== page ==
Monday, October 22, 2018

Uninhibited, beautifully sung and marvellous on the eye, The Marriage of Figaro opens San Diego Opera's 54th season

After verging on a shutdown back in 2014, evidence of a revitalised and well-supported San Diego Opera continues, shown by the company’s 54th season opening on Saturday night with a sophisticated and enlightening production of Mozart and Da Ponte’s The Marriage of Figaro. Premiering in 2016 at Lyric Opera of Kansas City and co-produced with Opera Philadelphia and Palm Beach Opera, director Stephen Lawless demonstrates exceptionally how this late 18th century opera buffa has no less pertinence today. Lawless enlivens the plot in an uninhibited, adult, smart-looking, vaguely period-placed setting. Altogether, it comes in sparkling, beautifully sung form.

John Moore as Count Almaviva and Caitlin Lynch as the Countess
Based on Pierre-Augustin Beaumarchais’ play written in 1778, Mariage de Figaro, and controversial enough in its day for its portrayal of the servant class rising up to outsmart the aristocracy, it also brings into focus a feudal lord’s entitlement to bed female subordinates on their wedding night. Men in authority making sexual demands on women under their control? It’s hard not to notice a ring of #MeToo familiarity to it.

In Mozart and Da Ponte’s day-long account, Count Almaviva wants to exert his 'lord's right'. His servant Figaro’s bride-to-be, Susanna, is his target. An intriguing plot develops that draws in several others. Figaro’s illegitimacy turns up comic results but it’s in the Countess Almaviva, cheated on wife, that Lawless appears to highlight a small victory for women in the finale in what appears a depiction of her as Athena - amongst other things goddess of wisdom, war and justice. Forgiveness is bestowed but old ways need to change. Count Almaviva’s days seem glaringly numbered.

Sung in Italian with English surtitles in subtly balanced harmony and in combinations all the way up to a glowing octet, the cast delivered excellence in vocal standard. Smoky baritone John Moore swings between the dignified and lecherous faces of Count Almaviva with risqué, open-legged abandon, drawing  a grain of sympathy in a heartfelt and tenderly sung “Contessa perdono!" ("Countess, forgive me!"), in the closing moments.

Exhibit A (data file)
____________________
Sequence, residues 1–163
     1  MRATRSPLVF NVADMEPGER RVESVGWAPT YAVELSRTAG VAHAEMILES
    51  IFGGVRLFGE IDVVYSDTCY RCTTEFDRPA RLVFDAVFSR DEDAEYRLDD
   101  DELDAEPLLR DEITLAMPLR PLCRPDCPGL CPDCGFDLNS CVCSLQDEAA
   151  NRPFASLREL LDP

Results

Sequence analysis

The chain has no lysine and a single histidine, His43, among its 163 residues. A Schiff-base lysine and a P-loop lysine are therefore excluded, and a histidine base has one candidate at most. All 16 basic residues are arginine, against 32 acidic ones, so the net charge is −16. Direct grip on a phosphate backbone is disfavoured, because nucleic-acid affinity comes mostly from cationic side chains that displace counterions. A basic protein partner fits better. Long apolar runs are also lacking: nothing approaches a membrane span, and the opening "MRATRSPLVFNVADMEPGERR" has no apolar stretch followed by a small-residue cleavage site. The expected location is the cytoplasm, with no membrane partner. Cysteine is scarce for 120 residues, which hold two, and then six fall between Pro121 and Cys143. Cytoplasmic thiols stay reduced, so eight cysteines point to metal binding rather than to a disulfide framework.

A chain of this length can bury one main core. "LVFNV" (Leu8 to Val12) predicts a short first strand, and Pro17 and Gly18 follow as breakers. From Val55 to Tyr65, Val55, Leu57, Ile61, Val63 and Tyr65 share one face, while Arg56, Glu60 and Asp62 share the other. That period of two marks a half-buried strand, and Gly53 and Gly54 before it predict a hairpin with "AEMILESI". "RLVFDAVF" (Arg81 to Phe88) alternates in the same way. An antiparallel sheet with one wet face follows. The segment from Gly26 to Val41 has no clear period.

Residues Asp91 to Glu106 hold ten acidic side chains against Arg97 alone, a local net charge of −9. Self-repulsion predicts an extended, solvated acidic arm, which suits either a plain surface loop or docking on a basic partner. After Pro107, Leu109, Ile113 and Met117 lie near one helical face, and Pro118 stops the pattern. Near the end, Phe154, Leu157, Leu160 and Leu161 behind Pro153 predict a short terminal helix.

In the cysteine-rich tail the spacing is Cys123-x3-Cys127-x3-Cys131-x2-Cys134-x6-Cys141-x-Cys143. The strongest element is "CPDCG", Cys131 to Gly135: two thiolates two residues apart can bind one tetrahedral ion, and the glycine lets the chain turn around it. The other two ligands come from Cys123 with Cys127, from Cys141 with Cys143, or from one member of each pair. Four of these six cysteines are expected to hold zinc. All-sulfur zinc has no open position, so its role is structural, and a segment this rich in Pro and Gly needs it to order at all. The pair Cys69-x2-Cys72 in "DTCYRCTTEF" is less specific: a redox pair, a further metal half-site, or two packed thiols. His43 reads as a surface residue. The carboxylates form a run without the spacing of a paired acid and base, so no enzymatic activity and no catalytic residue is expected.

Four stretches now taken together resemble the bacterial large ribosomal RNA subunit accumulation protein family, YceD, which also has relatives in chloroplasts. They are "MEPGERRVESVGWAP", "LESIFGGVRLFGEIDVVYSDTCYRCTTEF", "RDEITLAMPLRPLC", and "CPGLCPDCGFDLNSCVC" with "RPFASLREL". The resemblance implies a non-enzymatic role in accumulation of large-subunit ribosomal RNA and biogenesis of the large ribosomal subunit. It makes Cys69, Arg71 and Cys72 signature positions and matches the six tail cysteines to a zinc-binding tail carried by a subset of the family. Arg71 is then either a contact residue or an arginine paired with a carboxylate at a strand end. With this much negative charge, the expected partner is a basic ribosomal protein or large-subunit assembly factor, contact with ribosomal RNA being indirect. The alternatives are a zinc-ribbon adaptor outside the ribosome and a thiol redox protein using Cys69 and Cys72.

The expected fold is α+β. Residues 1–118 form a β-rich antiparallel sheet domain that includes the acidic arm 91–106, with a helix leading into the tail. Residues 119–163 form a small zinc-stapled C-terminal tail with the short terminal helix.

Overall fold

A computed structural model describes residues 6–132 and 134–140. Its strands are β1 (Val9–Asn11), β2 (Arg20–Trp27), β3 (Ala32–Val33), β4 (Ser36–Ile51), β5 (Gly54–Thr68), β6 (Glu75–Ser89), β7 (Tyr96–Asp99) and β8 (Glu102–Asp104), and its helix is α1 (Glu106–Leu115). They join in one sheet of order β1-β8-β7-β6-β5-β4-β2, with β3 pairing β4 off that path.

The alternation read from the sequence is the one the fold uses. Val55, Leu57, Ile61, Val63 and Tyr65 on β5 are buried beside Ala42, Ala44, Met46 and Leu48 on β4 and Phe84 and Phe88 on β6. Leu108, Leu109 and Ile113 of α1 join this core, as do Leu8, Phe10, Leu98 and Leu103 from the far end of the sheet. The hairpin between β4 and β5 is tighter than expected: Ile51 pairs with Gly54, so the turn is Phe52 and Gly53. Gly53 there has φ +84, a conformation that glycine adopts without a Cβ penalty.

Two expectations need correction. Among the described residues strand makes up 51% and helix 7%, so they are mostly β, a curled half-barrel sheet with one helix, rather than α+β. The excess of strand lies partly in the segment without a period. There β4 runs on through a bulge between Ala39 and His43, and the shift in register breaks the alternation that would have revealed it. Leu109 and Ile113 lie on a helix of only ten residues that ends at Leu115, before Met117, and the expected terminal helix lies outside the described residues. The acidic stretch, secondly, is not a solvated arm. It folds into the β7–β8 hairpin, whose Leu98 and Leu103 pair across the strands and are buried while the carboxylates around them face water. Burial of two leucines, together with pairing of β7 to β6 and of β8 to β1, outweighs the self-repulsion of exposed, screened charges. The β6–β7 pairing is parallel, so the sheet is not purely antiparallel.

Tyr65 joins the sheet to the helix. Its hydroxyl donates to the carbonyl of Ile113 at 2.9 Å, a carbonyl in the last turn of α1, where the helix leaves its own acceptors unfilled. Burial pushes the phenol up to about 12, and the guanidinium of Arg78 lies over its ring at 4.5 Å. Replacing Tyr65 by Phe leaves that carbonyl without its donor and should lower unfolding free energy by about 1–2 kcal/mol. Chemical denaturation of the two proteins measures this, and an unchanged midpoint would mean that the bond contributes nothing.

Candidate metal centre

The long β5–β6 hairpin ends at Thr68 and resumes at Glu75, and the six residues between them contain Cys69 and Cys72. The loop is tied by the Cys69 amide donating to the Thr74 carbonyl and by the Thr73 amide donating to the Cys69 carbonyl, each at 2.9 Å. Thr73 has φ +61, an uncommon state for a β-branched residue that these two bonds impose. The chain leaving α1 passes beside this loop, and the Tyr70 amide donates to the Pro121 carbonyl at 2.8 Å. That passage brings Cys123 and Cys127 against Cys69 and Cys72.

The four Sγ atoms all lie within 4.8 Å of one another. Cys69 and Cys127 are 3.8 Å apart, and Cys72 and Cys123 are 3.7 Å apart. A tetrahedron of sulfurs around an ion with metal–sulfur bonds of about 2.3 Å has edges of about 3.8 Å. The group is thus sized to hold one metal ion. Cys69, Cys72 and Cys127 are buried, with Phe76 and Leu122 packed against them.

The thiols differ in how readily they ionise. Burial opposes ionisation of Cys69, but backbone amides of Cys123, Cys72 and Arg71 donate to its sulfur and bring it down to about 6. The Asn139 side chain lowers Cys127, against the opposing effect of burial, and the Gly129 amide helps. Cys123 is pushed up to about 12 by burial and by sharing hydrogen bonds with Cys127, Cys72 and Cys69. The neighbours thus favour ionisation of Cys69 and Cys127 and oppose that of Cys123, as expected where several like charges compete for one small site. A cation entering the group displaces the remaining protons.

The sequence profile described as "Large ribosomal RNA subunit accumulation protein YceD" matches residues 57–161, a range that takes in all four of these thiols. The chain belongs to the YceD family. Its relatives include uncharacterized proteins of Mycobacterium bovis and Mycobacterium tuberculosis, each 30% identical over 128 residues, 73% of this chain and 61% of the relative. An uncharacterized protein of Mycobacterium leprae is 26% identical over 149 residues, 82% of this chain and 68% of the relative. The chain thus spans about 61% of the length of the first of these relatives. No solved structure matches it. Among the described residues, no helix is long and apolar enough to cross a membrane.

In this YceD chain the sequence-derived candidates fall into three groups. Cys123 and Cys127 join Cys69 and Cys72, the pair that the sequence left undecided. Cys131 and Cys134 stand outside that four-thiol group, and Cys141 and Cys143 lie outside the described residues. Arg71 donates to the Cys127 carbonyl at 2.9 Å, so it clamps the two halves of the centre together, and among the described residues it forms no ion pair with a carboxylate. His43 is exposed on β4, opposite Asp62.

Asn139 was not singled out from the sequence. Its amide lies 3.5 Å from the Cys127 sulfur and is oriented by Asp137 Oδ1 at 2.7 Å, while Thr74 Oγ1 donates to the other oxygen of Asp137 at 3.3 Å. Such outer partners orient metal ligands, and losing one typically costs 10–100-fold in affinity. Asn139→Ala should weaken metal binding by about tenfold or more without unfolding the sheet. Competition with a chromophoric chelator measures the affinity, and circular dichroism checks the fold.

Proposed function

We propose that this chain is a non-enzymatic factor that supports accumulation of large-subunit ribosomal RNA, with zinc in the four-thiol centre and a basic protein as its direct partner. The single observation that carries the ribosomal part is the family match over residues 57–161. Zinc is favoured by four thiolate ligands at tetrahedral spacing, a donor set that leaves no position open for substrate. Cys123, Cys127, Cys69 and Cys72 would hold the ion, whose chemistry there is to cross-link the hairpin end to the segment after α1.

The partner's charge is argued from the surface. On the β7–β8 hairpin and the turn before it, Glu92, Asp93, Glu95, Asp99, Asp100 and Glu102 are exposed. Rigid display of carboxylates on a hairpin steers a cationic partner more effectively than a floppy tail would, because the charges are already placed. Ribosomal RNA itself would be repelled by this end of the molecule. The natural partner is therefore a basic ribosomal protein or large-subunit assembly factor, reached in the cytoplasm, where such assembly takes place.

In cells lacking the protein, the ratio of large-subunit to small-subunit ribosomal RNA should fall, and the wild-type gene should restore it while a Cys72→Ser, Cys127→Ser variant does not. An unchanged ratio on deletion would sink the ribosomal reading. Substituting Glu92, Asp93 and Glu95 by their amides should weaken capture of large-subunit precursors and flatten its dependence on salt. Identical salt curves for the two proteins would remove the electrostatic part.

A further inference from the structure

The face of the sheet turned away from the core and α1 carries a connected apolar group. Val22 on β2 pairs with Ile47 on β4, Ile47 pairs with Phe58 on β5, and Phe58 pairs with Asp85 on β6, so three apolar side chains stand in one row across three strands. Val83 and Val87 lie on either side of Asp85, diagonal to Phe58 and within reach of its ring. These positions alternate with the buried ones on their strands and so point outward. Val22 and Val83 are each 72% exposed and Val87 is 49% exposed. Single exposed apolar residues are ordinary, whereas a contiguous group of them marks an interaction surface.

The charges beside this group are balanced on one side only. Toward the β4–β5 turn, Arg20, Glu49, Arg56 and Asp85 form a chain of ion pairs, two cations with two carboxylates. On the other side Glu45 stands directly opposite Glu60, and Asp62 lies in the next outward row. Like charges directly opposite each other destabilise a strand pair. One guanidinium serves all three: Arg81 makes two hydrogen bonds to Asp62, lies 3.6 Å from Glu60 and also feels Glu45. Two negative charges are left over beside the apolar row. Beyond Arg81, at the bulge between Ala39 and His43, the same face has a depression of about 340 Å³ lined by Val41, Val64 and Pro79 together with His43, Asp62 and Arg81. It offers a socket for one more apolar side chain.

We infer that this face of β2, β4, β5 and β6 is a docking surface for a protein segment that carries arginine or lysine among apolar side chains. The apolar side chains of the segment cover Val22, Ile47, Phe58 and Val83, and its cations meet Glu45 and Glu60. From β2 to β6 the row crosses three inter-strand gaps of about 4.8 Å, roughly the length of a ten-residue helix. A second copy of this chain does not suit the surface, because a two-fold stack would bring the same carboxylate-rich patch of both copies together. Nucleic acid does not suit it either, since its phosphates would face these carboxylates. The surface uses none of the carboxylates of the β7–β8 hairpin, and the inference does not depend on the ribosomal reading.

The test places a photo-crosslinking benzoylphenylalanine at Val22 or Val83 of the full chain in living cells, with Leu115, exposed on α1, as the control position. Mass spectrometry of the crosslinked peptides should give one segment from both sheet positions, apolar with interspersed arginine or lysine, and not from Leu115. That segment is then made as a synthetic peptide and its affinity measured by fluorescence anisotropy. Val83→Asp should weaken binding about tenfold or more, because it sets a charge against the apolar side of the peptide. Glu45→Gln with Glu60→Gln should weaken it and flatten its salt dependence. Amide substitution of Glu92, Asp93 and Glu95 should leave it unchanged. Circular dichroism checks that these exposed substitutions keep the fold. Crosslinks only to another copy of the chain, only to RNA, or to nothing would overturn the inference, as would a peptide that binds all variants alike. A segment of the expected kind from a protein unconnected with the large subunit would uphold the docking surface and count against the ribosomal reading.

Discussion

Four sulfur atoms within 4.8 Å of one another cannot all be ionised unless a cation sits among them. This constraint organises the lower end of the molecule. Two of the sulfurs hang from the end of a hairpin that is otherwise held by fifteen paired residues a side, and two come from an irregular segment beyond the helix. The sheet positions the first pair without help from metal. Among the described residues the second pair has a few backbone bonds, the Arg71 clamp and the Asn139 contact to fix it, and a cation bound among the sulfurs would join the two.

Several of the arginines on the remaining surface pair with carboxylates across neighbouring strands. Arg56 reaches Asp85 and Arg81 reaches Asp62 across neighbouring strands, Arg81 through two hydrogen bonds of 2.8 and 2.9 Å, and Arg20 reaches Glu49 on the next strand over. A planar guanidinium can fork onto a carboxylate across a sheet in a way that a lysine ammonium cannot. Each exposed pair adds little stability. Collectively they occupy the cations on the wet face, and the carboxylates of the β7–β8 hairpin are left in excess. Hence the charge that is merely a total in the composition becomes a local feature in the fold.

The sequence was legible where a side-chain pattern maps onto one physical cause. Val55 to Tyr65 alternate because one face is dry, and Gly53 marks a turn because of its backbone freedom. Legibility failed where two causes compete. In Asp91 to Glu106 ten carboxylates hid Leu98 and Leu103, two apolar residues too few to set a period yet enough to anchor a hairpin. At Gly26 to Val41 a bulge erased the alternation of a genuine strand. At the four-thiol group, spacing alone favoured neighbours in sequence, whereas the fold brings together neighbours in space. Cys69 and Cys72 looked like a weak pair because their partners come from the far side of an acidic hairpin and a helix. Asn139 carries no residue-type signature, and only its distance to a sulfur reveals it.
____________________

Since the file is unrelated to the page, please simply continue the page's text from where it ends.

Evan Hughes as Figaro and Sarah Shafer as Susanna
Gravelly bass-baritone Evan Hughes is resounding in voice as Figaro, able to articulate phrases with meaningfully sculptured ease and mine a wealth of riches from the lowest notes. Portraying a mix of flair, jealousy and cunning - a perfect compliment and match to Almaviva - Hughes’ Figaro amply lifts the vitality of the comedy, his shining moment coming as he steps into the audience’s frame as the house lights go up to mock women in a stinging “Aprite un po’quegli occhi” (“Open your eyes”).

Sharing excellent chemistry with both Hughes and Moore, Sarah Shafer’s bright and sweet soprano provided delicate touches to a winsome Susanna who turns on a blend of raunchiness and innocent flirtatiousness with cool charm. On opening night, in her role debut, the voice occasionally sagged in volume under the orchestra but by Act 4’s romantic aria Susanna sings to Almaviva while teasing Figaro, Shafer worked a splendid “Deh vieni, non tardar" ("Oh come, don't delay").